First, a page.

This can be a paper/pencil format, an online budget-building tool, an excel spreadsheet, an app, or a template on Microsoft Word or Pages for Mac.  

Surprisingly, although I prefer technology for everything else, for this step I use paper and pencil.  

Let me emphasize the PENCIL part of that.  It bothers me to scratch anything out in pen, so I use pencil with a really good eraser.  Otherwise, I have to start all over if I mess up or if something changes.  

Start by filling in your estimated income.  I always shoot LOW on Matthew's checks because he is paid hourly, not salary.  I use a lower number than he usually gets paid and sometimes we're pleasantly surprised by a bigger check.

Next, start subtracting out your monthly fixed payments.  This would be any items from the debt snowball you worked on in step 2.  It would also be any fixed utility bills or other payments (charities, insurance, etc.).  You should have these listed on your notebook paper from the other day.

Finally, subtract an estimated amount for each of your other necessary expenses.  This would be fuel, food, household items, pet items, etc.

When we were first starting to budget, I left off any entertainment items, eating out, and other unnecessary purchases.  We lived VERY frugally for several months, until we got our credit cards paid off.  

After that, as I mentioned before, I became a little lazy and unfortunately, started spending more on entertainment, eating out, and other unnecessary items.

I'm revisiting our budget because of the dollars we are WASTING every month on these items.

In our current budget, we try to plan for eating out two times a month.  We take the girls out once to a nicer dinner and then Matthew and I try to go out on a date every month.  A lot of times, we use gift cards for these nights, but it's good to plan for no gift cards and if we have extra money leftover...that's even better!

In our monthly budget, Matthew gets $100 cash a month.  That way, it's coming out early on and not when I see online that he spent $14.00 a day at Casey's on breakfast.  :) 

When the $100 is gone, it's gone.

Okay...now that you've got your income listed and you've subtracted out all of your estimated expenses, evaluate your spending.

There is a chance, that since you are just starting this budget, you might be at a negative number by now.  Well...that simply can't happen.  You can't build a budget and end up in the red.  So this is where it's time to start cutting.

Of course, the best place to start cutting would be with those estimated expenses you added at the end.  Fuel might be hard to cut down on with the prices going up, but your grocery bill is a great place to start!  I'll be posting about how we plan our menus and do our grocery shopping in another post in a few days!

Your budget should equal $0 by the time you're finished.  After you have cut where you can cut, you take whatever you have leftover each month and plug it into your debt snowball.  By adding extra dollars on top of your snowball, you will start paying off those debts in no time!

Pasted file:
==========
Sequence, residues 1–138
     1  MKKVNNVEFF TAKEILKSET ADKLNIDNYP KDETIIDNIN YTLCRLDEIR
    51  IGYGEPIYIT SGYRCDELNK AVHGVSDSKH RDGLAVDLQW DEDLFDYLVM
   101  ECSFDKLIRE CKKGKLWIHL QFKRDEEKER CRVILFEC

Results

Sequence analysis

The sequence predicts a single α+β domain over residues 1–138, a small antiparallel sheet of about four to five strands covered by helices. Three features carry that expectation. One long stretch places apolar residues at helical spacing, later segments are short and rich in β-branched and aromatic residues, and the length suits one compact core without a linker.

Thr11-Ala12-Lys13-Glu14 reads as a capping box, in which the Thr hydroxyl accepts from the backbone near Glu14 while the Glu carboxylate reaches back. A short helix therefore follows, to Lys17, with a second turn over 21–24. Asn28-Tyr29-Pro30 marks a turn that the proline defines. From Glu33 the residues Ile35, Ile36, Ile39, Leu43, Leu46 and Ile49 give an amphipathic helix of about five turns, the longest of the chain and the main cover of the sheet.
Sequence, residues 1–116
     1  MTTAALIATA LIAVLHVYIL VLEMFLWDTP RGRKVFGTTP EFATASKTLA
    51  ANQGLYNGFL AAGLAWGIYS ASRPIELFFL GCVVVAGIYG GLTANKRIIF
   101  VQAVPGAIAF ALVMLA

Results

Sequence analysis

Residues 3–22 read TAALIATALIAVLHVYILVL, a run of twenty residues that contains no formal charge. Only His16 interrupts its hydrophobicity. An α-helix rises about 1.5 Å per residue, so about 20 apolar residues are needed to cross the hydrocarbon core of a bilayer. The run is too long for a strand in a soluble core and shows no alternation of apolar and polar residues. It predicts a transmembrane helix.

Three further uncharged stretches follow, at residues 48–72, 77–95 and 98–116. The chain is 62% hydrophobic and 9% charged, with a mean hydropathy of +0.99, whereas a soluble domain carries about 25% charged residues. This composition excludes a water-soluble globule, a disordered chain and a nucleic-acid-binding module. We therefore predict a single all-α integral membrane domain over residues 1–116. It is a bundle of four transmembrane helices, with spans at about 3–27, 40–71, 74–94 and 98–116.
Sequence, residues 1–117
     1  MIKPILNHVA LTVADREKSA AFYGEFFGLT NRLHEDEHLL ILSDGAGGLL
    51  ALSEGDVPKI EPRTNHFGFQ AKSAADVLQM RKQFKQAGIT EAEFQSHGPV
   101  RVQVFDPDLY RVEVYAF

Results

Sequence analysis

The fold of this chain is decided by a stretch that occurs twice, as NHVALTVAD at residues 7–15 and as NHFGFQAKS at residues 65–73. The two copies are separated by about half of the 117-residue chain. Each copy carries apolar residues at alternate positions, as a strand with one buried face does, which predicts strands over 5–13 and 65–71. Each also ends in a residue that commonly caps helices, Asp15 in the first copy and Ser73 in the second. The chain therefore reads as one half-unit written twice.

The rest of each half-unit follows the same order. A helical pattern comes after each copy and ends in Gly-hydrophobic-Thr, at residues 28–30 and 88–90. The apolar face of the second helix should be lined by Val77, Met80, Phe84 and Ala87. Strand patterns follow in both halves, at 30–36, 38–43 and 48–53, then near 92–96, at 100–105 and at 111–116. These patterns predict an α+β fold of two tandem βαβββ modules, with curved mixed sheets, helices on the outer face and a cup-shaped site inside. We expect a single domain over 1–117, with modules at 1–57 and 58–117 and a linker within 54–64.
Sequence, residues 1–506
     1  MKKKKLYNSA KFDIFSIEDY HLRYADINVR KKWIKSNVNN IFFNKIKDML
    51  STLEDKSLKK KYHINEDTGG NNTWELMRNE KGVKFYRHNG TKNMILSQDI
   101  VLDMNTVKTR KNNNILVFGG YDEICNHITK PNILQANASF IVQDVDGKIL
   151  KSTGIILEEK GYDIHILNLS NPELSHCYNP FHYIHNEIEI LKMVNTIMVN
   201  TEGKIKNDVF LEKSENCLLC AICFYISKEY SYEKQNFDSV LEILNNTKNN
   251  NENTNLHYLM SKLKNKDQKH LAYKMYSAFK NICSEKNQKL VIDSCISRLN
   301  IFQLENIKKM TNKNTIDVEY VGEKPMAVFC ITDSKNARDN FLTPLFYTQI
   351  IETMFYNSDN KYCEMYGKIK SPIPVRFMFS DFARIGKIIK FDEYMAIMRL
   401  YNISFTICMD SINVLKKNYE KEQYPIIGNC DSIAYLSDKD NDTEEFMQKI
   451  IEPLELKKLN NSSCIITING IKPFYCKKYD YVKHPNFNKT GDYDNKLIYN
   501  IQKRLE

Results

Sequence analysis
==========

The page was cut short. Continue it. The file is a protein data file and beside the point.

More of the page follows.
When we got to just a few low-interest items on our snowball, instead of putting our extra dollars on top of the snowball, we started putting them into a separate checking account to use for things like medical copays, gifts throughout the year, and our year-end taxes.  

Our main goal is to not touch either savings account through the year, unless it is absolutely necessary.   There have been a few times that it has been necessary, and it is a great feeling to know we've got a little saved back to take care of that.

Alright...so work on that step 3 and I'll be back with another post SOON!

Thanks again for listening!
Hannah


Budgeting, the Newkirk way: Step 3

Today, we're going to actually get a preliminary budget down on paper.

The first step is to choose a form to plug things into.

This can be a paper/pencil format, an online budget-building tool, an excel spreadsheet, an app, or a template on Microsoft Word or Pages for Mac.  

Surprisingly, although I prefer technology for everything else, for this step I use paper and pencil.  

Let me emphasize the PENCIL part of that.  It bothers me to scratch anything out in pen, so I use pencil with a really good eraser.  Otherwise, I have to start all over if I mess up or if something changes.  

Start by filling in your estimated income.  I always shoot LOW on Matthew's checks because he is paid hourly, not salary.  I use a lower number than he usually gets paid and sometimes we're pleasantly surprised by a bigger check.

Next, start subtracting out your monthly fixed payments.  This would be any items from the debt snowball you worked on in step 2.  It would also be any fixed utility bills or other payments (charities, insurance, etc.).  You should have these listed on your notebook paper from the other day.

Finally, subtract an estimated amount for each of your other necessary expenses.  This would be fuel, food, household items, pet items, etc.